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Skip to 0 minutes and 5 secondsSo how is blood pressure detected? Well actually, most of us have probably had this done at the doctor's. It's done using a device called a sphygmomanometer. And what this device does is it measures blood pressure on a scale called millimetres of mercury, or sometimes referred to as the mercury scale. Essentially, the device has a cuff that can be inflated with air. And you inflate the cuff until the blood flow is completely stopped, normally in the main artery of the arm. Once this happens, the pressure is slowly relieved from the cuff, and the doctor or medical practitioner can listen to the heartbeat. So you would get two values. The first value is called a systolic blood pressure.

Skip to 0 minutes and 55 secondsThis is the blood pressure when the heart is contracting and pumping blood out. The second value is normally a lower number, and it's called diastolic blood pressure. This is the value when the heart is resting in between heartbeats. So what is normal and high blood pressure, or hypertension? Well, normal blood pressure is considered to be a systolic blood pressure of less than 120 millimetres of mercury, and a diastolic pressure of less than 80 millimetres of mercury. Clinically defined, hypertension or high blood pressure is a systolic blood pressure of greater than 140 millimetres of mercury, or a diastolic pressure of greater than 90 millimetres of mercury, whichever is higher.

Skip to 1 minute and 45 secondsNow here at Reading School of Pharmacy, we teach that people who have blood pressure values in between the normal and hypertensive values do not require treatment, but should be offered lifestyle advice, such as changing their diet or increasing exercise to keep their blood pressure within normal ranges. People who have been diagnosed with hypertension will require lifestyle advice, but will also require medication. So for people with newly diagnosed hypertension in the UK, there's a strict treatment regime called the ACD strategy. The ACD refer to drugs that you'll be treated with. Normally people will receive either an ACE inhibitor - that's A-- or a calcium channel blocker - C - as a first line treatment.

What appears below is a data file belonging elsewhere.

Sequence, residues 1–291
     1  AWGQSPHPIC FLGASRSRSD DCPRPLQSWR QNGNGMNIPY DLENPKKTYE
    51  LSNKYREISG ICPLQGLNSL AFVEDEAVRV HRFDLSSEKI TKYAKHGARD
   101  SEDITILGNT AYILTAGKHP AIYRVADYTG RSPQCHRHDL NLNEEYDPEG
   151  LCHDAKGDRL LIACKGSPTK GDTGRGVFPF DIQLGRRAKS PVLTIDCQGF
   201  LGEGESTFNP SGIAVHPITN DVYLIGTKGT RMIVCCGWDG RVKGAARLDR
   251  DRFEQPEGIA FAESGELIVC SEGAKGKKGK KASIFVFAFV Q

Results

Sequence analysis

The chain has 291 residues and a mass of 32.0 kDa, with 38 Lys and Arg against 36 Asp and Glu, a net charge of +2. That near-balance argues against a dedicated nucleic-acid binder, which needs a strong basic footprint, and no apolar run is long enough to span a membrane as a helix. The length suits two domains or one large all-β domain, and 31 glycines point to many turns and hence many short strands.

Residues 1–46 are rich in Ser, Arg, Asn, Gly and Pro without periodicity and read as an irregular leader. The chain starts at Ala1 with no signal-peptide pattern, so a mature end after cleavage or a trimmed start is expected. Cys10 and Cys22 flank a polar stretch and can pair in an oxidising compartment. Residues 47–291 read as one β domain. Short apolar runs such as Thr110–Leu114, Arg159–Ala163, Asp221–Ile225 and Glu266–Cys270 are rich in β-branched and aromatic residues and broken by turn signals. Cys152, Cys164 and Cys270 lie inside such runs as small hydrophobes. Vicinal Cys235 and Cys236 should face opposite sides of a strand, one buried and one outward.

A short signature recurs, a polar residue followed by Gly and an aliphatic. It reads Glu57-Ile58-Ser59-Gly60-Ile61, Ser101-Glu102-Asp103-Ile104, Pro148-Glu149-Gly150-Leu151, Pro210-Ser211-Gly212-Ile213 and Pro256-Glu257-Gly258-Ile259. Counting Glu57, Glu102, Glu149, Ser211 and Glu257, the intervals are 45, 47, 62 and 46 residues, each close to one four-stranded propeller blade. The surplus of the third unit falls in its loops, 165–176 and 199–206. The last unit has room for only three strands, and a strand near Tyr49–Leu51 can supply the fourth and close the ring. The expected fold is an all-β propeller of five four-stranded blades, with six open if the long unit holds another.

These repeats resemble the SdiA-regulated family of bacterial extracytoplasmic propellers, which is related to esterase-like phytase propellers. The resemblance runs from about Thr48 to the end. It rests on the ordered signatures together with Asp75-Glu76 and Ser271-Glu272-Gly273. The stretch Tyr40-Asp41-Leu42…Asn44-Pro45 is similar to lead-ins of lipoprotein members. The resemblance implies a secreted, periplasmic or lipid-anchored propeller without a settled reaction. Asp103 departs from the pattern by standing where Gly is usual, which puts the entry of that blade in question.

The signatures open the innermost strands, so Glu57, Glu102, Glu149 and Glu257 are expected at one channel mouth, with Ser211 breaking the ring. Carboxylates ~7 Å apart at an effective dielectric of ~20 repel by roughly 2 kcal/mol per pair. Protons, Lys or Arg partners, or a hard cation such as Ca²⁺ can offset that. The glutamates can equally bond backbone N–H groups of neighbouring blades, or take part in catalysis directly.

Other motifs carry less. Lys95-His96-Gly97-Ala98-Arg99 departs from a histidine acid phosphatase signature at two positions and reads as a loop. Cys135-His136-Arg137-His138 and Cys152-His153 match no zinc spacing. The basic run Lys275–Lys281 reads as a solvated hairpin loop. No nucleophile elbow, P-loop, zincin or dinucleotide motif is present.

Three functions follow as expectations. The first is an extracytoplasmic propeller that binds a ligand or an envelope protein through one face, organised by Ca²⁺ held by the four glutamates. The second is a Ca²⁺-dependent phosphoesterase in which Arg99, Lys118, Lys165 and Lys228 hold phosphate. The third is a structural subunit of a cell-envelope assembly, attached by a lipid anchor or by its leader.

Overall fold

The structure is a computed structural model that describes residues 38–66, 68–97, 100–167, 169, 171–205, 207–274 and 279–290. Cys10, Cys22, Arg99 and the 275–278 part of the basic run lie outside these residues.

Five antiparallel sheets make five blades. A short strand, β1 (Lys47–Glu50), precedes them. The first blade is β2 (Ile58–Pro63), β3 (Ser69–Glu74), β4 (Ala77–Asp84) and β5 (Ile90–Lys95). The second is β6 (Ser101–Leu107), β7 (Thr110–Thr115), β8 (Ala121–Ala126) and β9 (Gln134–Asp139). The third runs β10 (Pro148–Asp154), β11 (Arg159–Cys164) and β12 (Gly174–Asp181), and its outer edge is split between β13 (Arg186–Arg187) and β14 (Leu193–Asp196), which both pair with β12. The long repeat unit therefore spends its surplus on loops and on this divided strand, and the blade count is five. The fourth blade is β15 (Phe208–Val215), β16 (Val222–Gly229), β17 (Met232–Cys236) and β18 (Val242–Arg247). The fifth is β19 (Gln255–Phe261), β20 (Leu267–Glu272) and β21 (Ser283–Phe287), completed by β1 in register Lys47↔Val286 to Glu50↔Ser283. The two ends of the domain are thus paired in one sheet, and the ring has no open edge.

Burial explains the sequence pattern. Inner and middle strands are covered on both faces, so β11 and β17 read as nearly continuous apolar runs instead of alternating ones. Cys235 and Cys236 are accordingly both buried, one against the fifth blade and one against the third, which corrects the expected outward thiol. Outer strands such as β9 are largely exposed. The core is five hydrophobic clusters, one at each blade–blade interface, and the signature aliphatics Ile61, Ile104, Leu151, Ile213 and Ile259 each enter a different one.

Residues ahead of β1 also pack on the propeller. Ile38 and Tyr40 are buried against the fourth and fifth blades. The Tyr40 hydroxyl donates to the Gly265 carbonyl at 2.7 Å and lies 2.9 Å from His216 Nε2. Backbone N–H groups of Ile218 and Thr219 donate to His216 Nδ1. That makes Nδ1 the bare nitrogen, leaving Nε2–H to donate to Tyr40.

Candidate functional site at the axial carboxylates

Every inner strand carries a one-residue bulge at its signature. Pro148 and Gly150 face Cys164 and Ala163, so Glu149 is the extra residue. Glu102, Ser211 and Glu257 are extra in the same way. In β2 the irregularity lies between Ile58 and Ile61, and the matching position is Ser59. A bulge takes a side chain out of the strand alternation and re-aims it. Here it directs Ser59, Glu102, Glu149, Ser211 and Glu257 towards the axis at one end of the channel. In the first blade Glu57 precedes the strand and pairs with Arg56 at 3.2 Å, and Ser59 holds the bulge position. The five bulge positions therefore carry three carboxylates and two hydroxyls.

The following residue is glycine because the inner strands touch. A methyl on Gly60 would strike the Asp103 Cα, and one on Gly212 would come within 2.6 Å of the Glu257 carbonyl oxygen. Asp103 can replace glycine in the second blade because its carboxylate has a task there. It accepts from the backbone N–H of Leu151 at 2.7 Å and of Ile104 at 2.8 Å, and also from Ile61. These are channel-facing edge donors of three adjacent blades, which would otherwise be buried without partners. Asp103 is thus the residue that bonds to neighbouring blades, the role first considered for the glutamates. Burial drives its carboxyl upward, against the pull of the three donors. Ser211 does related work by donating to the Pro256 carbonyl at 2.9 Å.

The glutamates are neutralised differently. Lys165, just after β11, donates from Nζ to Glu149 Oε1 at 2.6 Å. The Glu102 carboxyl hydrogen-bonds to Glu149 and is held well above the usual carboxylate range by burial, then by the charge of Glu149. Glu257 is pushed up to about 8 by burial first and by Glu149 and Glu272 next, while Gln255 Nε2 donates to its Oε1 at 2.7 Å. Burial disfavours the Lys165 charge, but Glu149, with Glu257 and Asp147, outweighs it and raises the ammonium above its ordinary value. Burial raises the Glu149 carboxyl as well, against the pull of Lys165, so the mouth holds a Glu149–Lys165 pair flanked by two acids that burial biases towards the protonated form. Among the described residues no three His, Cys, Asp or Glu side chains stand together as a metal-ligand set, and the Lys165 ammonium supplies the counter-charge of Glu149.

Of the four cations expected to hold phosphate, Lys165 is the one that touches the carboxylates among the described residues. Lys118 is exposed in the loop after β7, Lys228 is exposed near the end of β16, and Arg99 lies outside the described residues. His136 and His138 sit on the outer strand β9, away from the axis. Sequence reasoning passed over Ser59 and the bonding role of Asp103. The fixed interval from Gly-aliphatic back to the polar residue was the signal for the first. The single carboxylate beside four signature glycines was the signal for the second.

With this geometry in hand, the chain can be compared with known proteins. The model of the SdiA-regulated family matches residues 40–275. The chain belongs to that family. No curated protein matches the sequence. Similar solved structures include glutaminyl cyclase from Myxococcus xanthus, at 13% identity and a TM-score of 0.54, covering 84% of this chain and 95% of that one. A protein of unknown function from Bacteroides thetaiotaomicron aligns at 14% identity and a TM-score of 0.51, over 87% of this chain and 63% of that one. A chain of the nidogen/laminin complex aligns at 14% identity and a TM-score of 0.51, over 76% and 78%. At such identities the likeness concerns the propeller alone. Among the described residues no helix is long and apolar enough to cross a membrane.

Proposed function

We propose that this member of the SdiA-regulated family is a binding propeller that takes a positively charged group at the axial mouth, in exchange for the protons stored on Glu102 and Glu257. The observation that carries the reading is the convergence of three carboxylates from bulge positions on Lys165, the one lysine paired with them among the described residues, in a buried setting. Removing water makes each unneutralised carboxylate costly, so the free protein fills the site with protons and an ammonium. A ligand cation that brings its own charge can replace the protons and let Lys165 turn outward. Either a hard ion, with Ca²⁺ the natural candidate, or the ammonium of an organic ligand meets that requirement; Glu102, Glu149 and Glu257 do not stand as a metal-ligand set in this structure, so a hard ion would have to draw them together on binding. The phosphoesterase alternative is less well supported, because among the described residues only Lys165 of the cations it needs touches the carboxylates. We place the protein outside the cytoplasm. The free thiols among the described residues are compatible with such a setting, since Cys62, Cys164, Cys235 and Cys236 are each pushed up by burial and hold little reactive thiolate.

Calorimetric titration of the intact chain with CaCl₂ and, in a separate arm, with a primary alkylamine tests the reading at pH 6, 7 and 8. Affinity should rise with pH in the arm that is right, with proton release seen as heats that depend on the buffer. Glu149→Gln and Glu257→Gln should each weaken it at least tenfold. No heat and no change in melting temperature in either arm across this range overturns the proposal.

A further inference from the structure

Skip to 2 minutes and 43 secondsAnd this treatment is based on your age and your racial background, as well as other underlying medical conditions. If this still fails to control your blood pressure, then you will also be given a diuretic drug - D. If you're unsure about this information, you can ask your GP or your pharmacist for further information. They can give advice on the medications used to treat high blood pressure, and also give you advice on lifestyle changes you can make to control your blood pressure.

Hypertension: diagnosis and treatment

Dr Alister McNeish continues to look at hypertension explaining how blood pressure is measured, values that are considered normal, and what can be done to regulate it.

The ACD strategy

In the UK, hypertension in adults is normally treated by applying the National Institute for Health Care and Excellence (NICE) ACD strategy (part of Clinical Guidance 127). The ACD strategy defines an approach for using different medications: ACE inhibitor (A), a calcium channel blocker (C) and a diuretic (D – normally a thiazide-like diuretic) either separately or in combination.

The ACD strategy can be broken down into three steps:

Step 1: A
Step 2: A+C
Step 3: A+C+D
Step 4: for resistant hypertension, in addition to A+C+D, another diuretic, an alpha blocker or a beta blocker would be considered, in addition to obtaining help from a specialist.

You can download the Week 3 supplement, which contains additional images and descriptions to help you understand the topics covered in this video.

British Heart Foundation resources

Find out more in the following, optional, video High blood pressure and heart disease; one of a series, produced by the British Heart Foundation Risking it: Fighting against risk factors in coronary heart disease.

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This video is from the free online course:

Heart Health: a Beginner's Guide to Cardiovascular Disease

University of Reading

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